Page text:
In a gloomy world full of socio-political issues, especially in relation to screen portrayals of Africa, it’s refreshing to watch a film that champions the power of positive thought, fuelling the story from beginning to end. It is a vibrant and positively charming journey that captures the true, fighting spirit of Africa, it is an amazing movie.
Africa United from debut director Debs Gardner-Paterson is such an inspiring film as it takes young and old on a vibrant and charming journey through several African states (Rwanda, Congo, Burundi, Tanzania, Zambia, Zimbabwe and South Africa) to capture the true fighting spirit of Africa.
As the title suggests, it unites all who watch it because of its colourful vitality and infectious childlike awe that kids can relate to and adults can relive and this notion overshadows the football element. It’s like an African Enid Blyton tale, where anything can be achieved and obstacles can be overcome, when you put great young minds together.
That said the serious issues facing the continent are intertwined effectively in this coming-of-age tale, with the opening scene more like an HIV/AIDS awareness campaign than the start of a feature film, designed to grab your attention. The big issues are apparent, or never far from the surface, but are dealt with in a matter-of-fact way that does not render them superficial, or allow them to dampen this tale of considerable hope.
Part of this successful balance that Gardner-Paterson strikes, is due to the film’s magnetic and mega-optimistic, young protagonist, Dudu, played by newcomer Eriya Ndayambaje. Self-styled football manager Dudu sets off with his football prodigy and best pal Fabrice (Roger Nsengiyumva) and his bookish little sister Beatrice (Sanyu Joanita Kintu) to the Rwandan capital, Kigali, to audition Fabrice for a part in the 2010 World Cup opening ceremony.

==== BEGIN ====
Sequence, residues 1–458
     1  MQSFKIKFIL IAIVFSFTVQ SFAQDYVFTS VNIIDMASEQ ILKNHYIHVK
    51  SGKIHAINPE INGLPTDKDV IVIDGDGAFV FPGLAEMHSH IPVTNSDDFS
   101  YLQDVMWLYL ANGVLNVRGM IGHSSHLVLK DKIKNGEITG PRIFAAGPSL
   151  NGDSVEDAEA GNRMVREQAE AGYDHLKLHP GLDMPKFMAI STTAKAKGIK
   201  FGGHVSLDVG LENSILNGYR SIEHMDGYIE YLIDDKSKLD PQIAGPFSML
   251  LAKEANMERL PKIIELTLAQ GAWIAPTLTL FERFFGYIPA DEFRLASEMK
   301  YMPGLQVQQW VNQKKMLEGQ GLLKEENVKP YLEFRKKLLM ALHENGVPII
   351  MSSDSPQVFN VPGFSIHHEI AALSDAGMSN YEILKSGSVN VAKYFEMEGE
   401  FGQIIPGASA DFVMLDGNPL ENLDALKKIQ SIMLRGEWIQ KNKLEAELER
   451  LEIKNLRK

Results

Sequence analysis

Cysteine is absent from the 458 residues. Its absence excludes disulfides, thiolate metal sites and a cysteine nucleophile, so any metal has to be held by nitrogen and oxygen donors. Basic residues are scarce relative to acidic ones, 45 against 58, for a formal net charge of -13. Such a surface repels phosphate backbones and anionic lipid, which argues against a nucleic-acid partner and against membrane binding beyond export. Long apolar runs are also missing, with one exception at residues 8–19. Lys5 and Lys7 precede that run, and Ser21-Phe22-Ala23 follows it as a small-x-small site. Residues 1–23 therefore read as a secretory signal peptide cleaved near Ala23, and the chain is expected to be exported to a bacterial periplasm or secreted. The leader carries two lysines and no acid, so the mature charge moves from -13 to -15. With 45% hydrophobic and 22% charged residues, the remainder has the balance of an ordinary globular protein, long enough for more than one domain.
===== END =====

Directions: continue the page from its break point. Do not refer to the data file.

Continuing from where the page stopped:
The trouble is they take the wrong bus, resulting in a whistle-stop tour of African states and meeting escaped sex worker Celeste (Sherrie Silver) and former child soldier Foreman George (Yves Dusenge) who decide to join Dudu’s ‘team’ – let’s face it, what more do they have to do? The acting is far from polished, but its rawness merely adds to our empathy with each character’s plight and willingness to support their venture.
The camera simply adores Ndayambaje to the point of the aperture opening several stops whenever his happy, animated face fills the screen, and radiating us with a feeling of sunny warmth. Ironically, when we first set eyes on Dudu, he is instructing his audience (and us) on how to make a football out of an inflated condom, a plastic bag and a ball of string in a delightfully playful, almost ‘stand-up comedic’ fashion that is both highly amusing and frankly alarming because of the African HIV/AIDS pandemic message.
With hindsight, it is difficult to determine the age group that the film is aimed at, but as a documentary piece with its clever little animated parts, it works well to alert youth to the serious health and social topics in an informative manner. At times, it’s like watching an educational video, which isn’t necessarily a bad thing, but it feels like being back at school, even with the fun elements involved.
It may also leave some adults/parents red-faced trying to explain some of the finer points, too, “like what is a sex worker, Mum/Dad?” That said Gardner-Paterson seems unforgiving about this: Kids have to know the world is not an equal or perfect place, right, so let’s ease the pain, without shattering their childhood dreams. Characters Dudu and his team are a metaphor for this, with football acting as the prejudicial stimulus and the salvation.
Whatever the film-makers say about Africa United not being a film about football and the World Cup, you can’t help wondering what kind of greater impact it could have had at the box office, if it had, had its release date around that time? Then, there is pretty much football to be had all year around, so it still works to prolong the thrill of the international sporting event – England’s performance, aside. Football serves as the uniting factor, like a cross-border religion or passport, but not the primary topic, so the film-makers can make claim to the former, it seems.
Africa United is a massive injection of hope, celebrating life and its stubbornness to suppress youthful distractions and dreams in some harsh realities. It’s a decent story, too, rather than just being a socio-political message. But for all its well-meaning intentions, spirit and attractive picture-postcard views of Africa, will it capture the attention and hearts of the average family faced with a programme of other kids’ films at the local pictures?
In playing down the football element and just re-labelling it as an African road movie, this may result in it be overlooked, which is sad, considering youth need as much exposure to positivism as possible today to counterbalance the all the negative aspects.
By Lisa Giles-Keddie